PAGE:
Wenjing Guan

Vegetable Crops Hotline Editor & Clinical Engagement Assistant Professor
Department of Horticulture and Landscape Architecture
Area(s) of Interest: Commercial Vegetable and Melon Production
Wenjing Guan's website

117 articles by this author

Article List
Figure 1. Strawberries were covered with straw mulch and row cover. Picture were taken in Jan. 9 2018.

Although strawberry plants can be quite cold hardy, they need protection to survive the winter. In North Carolina, growers use floating row covers to protect strawberries in the winter. In Indiana, straw mulch is a more traditional way of winter protection for strawberries grown in a matted row system. After two relatively mild winters in 2015 and 2016, I heard successful stories about growing strawberries with the plasticulture system and using row covers for winter protection in Southern Indiana. Can the system also be successful in a colder winter, like the one that just passed? Our ongoing strawberry study will provide the answer. This article provides an update from this project comparing strawberries covered with straw mulch (about 4-inch thick) and row covers (two layers of 1.5-oz/yard2 row cover laid on wire hoops) this past winter (Figure 1). Temperature Between Dec. 27 to Jan. 6, we had the coldest nights[Read More…]


Figure 2. Plants died in the second day after average soil temperature was 54 °F

Growers start to plant tomatoes in unheated high tunnels around the end of March in southern Indiana. Around that time, there may still be a few light frosts, or even heavier ones, like the one we just experienced in the past week. With additional help from row covers inside of high tunnels, temperatures normally can be maintained above 32°F. Tomatoes typically do not have problems with the short-term low temperatures. However, this may not be the case for cucumbers. Although they are both warm season crops, Cucurbits (cucumbers, cantaloupes, and watermelons) are much more cold sensitive than Solanaceous crops (tomato, pepper). From a temperature perspective, this article discusses important considerations for deciding the time for planting cucumbers in a high tunnel. The best condition to grow cucumbers is when soil temperatures are above 70°F. This situation may not happen until the middle of May inside of the high tunnels, according to our[Read More…]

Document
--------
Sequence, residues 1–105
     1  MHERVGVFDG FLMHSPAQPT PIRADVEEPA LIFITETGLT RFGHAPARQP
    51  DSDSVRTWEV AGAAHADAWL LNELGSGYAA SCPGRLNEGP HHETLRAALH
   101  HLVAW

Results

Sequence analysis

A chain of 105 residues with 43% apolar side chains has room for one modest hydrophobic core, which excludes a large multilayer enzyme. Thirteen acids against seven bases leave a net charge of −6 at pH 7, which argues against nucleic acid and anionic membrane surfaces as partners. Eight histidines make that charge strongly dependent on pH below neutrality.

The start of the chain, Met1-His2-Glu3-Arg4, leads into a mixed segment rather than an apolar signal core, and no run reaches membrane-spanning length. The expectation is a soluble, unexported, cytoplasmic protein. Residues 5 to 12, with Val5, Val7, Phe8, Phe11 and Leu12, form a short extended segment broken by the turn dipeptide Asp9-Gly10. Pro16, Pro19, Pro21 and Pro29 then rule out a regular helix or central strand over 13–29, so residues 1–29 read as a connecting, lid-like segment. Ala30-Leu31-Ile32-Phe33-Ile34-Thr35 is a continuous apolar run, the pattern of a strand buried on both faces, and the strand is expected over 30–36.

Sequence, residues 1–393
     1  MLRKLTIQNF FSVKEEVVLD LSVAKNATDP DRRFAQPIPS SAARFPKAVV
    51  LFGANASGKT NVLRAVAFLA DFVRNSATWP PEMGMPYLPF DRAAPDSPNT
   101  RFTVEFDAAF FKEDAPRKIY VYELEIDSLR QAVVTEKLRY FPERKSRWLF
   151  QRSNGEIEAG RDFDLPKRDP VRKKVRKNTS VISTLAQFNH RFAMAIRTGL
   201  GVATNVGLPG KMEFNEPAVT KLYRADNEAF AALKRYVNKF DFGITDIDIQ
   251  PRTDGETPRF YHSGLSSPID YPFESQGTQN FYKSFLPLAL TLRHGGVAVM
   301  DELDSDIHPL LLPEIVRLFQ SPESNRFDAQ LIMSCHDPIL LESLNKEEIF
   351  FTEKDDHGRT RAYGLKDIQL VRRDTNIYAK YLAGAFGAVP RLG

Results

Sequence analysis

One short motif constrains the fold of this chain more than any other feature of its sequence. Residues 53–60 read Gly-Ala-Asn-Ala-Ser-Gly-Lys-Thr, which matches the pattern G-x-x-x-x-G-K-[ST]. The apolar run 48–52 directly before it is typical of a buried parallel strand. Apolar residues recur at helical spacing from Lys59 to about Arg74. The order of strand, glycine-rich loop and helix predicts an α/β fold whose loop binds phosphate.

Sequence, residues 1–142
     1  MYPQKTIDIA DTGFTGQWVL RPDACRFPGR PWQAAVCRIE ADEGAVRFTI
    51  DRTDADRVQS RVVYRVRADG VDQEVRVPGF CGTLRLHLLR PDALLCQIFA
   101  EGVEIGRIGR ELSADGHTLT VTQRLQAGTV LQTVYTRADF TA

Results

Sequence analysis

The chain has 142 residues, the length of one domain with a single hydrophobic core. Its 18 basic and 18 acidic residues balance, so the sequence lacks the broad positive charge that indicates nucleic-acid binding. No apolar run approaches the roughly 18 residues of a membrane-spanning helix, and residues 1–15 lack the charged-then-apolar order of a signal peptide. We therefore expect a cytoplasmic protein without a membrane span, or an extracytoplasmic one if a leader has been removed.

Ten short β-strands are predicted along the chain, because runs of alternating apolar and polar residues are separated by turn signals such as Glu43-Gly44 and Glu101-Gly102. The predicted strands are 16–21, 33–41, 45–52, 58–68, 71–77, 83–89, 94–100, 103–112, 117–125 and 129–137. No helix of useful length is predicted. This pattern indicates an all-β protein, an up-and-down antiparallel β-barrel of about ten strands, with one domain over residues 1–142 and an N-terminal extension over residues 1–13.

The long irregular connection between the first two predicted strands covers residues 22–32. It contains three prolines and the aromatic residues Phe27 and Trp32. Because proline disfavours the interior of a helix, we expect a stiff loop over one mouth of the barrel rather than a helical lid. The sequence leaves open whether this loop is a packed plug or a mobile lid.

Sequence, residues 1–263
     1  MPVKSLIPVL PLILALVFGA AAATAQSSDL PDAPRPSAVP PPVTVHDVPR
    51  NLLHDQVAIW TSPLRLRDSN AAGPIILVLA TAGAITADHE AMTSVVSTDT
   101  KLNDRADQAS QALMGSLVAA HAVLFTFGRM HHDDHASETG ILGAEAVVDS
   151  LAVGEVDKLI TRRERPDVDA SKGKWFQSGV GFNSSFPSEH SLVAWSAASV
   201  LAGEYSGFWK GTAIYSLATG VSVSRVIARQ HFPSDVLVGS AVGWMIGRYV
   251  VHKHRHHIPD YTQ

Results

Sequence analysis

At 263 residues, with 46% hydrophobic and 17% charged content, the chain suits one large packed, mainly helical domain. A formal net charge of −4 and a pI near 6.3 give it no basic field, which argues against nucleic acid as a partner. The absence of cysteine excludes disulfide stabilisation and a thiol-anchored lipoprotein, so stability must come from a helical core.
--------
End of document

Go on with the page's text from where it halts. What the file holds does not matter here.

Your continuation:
Southwest Purdue Ag Center High Tunnel Tour Date: June 13, 2018 7:00-9:00 pm Eastern Time Location: Southwest Purdue Agricultural Center, 4369 North Purdue Road, Vincennes, IN, 47591 The SWPAC high tunnel tour will be held on the evening of June 13, 2018. Attendees will have the opportunity to see a wide range of research projects being conducted in high tunnels at SWPAC. Topics that will be discussed include: Grafting cucumbers for season extension; Seedless cucumber and summer squash variety evaluations in a high tunnel; Different pruning and trellising systems for growing cucumber, tomato and pepper in a high tunnel; Grafting tomatoes for improved yield; Cucumber beetle management; Annual plasticultural strawberry production with an innovative low tunnel system. Registration will begin at 6:30 pm. The tour is free, to register please call (812) 886-0198, for more information please contact Wenjing Guan (guan40@purdue.edu). This event is sponsored by North-Central Sustainable Agriculture Research[Read More…]